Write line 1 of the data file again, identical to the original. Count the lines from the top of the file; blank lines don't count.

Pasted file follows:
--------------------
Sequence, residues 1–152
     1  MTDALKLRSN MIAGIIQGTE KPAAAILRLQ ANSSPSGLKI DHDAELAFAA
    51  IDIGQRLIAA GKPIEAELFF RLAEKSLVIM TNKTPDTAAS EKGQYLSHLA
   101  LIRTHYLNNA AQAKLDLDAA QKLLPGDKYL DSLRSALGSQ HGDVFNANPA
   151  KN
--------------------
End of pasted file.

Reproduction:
Sequence, residues 1–152